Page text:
ABC's Paul Lee says he'll stay the course


BEVERLY HILLS -- Having cut short his vacation to face the media, new ABC Entertainment chief Paul Lee took the press-tour stage Sunday and said he wasn't planning changes to the network's fall schedule.

"We are locked and loaded here," he said. "You make changes (this close to the fall) and you can do more damage than good."

Noting that he had been on the job only 36 hours and is "super unprepared," Lee gently deflected critics who tried to pin down how his regime will differ from former ABC Entertainment leader Stephen McPherson, whose abrupt resignation last week amid an internal sexual-harassment investigation put the network in a less-than-ideal position for presenting its programming to the press at the annual Television Critics Assn. gathering.

"It's too early to take a view of where are hits are going to come from next year or the year after that," Lee said. "I'm very excited about this opportunity. This is one of the iconic American storytelling brands. ... I grew up watching on faraway shores. Hopefully, it's going to be a lot of fun."

Lee is a TCA veteran, having spent years of taking questions at his previous positions running BBC America and ABC Family, so perhaps it isn't surprising he seemed quite relaxed in the hot seat Sunday at the Beverly Hilton. Asked his favorite ABC show, Lee said he was a fan of "Modern Family" and predicted the series would win the Emmy for best comedy.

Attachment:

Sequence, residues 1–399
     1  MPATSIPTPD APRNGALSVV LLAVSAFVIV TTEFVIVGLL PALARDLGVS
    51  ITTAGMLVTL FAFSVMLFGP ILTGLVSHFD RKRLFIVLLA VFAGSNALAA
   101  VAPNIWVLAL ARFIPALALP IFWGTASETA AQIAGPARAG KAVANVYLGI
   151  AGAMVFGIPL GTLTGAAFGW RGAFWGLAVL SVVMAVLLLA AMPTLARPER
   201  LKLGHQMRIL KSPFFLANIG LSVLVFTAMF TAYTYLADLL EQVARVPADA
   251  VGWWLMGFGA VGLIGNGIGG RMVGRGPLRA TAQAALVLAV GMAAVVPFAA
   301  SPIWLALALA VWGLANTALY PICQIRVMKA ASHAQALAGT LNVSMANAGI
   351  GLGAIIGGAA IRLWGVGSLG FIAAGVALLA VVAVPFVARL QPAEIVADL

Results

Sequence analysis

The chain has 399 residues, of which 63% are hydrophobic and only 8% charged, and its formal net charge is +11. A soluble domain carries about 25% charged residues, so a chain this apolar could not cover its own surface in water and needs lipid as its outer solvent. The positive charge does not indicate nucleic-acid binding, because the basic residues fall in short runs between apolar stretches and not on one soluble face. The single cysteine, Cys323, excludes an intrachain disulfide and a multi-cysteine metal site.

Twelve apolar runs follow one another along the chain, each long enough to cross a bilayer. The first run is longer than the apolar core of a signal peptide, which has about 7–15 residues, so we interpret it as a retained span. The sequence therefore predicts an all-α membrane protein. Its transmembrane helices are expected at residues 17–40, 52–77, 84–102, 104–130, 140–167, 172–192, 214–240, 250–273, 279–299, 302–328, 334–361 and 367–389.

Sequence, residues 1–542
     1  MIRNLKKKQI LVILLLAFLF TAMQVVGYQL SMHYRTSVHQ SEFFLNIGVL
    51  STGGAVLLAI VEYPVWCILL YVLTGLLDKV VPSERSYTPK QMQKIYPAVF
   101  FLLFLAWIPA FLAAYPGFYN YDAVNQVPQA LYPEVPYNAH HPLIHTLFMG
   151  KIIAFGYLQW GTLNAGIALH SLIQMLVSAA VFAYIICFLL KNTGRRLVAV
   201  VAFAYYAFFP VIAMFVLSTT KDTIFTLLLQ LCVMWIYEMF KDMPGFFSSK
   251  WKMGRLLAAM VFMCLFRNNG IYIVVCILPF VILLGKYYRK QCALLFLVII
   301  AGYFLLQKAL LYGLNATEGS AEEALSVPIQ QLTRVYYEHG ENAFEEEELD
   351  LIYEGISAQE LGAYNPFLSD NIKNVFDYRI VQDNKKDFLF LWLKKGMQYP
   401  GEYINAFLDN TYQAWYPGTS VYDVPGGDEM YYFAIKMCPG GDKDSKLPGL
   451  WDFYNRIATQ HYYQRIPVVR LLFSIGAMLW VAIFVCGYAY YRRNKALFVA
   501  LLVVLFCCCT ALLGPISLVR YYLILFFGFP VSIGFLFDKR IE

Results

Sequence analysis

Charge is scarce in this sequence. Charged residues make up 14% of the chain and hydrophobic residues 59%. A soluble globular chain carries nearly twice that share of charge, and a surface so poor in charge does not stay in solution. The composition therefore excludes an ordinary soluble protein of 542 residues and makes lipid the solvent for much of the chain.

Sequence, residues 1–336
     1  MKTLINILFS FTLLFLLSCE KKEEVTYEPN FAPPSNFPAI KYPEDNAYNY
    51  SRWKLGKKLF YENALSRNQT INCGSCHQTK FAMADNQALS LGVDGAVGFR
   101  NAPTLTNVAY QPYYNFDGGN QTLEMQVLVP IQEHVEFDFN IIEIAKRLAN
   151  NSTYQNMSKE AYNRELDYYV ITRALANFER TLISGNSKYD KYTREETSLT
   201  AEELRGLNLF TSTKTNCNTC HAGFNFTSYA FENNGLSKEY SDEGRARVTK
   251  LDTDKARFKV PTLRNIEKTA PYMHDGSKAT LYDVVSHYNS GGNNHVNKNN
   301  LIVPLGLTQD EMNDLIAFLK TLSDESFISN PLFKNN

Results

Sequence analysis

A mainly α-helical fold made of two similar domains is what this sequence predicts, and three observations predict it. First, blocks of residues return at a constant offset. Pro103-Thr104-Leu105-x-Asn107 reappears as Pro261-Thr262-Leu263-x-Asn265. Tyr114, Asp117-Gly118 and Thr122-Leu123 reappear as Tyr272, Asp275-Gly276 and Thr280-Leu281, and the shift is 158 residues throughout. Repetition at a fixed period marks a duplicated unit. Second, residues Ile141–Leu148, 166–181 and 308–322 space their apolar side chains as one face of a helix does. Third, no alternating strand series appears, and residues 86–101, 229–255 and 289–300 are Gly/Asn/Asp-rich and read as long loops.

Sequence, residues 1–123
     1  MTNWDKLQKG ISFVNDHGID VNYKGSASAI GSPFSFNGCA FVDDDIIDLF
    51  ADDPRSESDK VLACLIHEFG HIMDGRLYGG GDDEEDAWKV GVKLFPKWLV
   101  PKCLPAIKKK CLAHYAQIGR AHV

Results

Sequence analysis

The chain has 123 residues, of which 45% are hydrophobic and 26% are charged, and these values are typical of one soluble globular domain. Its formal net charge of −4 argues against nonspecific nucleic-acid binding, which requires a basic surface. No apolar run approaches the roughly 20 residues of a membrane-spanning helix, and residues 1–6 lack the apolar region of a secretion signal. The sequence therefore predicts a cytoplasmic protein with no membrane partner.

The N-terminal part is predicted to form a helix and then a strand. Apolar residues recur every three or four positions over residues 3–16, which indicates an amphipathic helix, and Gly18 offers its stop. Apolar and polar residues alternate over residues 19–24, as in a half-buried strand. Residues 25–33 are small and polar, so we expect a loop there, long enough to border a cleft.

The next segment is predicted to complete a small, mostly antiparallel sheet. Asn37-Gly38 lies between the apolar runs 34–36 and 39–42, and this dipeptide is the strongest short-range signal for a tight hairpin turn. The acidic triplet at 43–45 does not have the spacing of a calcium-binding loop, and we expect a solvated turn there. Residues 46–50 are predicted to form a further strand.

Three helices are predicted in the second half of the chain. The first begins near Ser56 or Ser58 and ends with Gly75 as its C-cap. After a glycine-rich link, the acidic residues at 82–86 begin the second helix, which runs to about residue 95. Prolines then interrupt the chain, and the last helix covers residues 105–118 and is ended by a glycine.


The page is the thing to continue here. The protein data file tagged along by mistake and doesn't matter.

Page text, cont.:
"There is really fertile ground for comedy, which would not have been the case two or three years ago on this network," he said.

Lee made it clear he wouldn't program ABC with the type of shows that were on younger-targeted ABC Family, though he also noted that the cable network's core millennials demographic is now 51% of the adults 18-49 demo coveted by major broadcasters.

"Realistically, they're very very different networks," Lee said. "This is a whole new challenge. People expect smart, quality storytelling and strong emotions from this network in particular."

ABC did its best to discourage questions related to McPherson, with ABC communications chief Kevin Brockman opening the session by bringing a large stuffed pink elephant onstage -- a literal elephant in the room -- and reminded critics that the network will not comment on McPherson's exit. That didn't stop reporters from asking.

"I felt very honored to be offered the job ... but I don't want to talk about Steve," Lee said.

One comment did slip in: A critic referenced McPherson dancing on the upfront stage a few years back to promote "Dancing With the Stars" and asked whether Lee had any hidden talents.

"I remember watching that and thinking, 'I'm so glad I don't have Steve's job,' " Lee said. "I don't think you're going to see me dancing. I'm a Brit; I'm far too self-conscious."

Although new to ABC, Lee said he has watched all the network's pilots and made outreach calls to showrunners.

"Paul called me and was very supportive, and I'm looking forward to our new partnership," said Jason Richman, executive producer of "Detroit 1-8-7." "Steve was very supportive of the show ... but the day-to-day, the people we're dealing with, there's a lot of support there, and those people are the same, for now."
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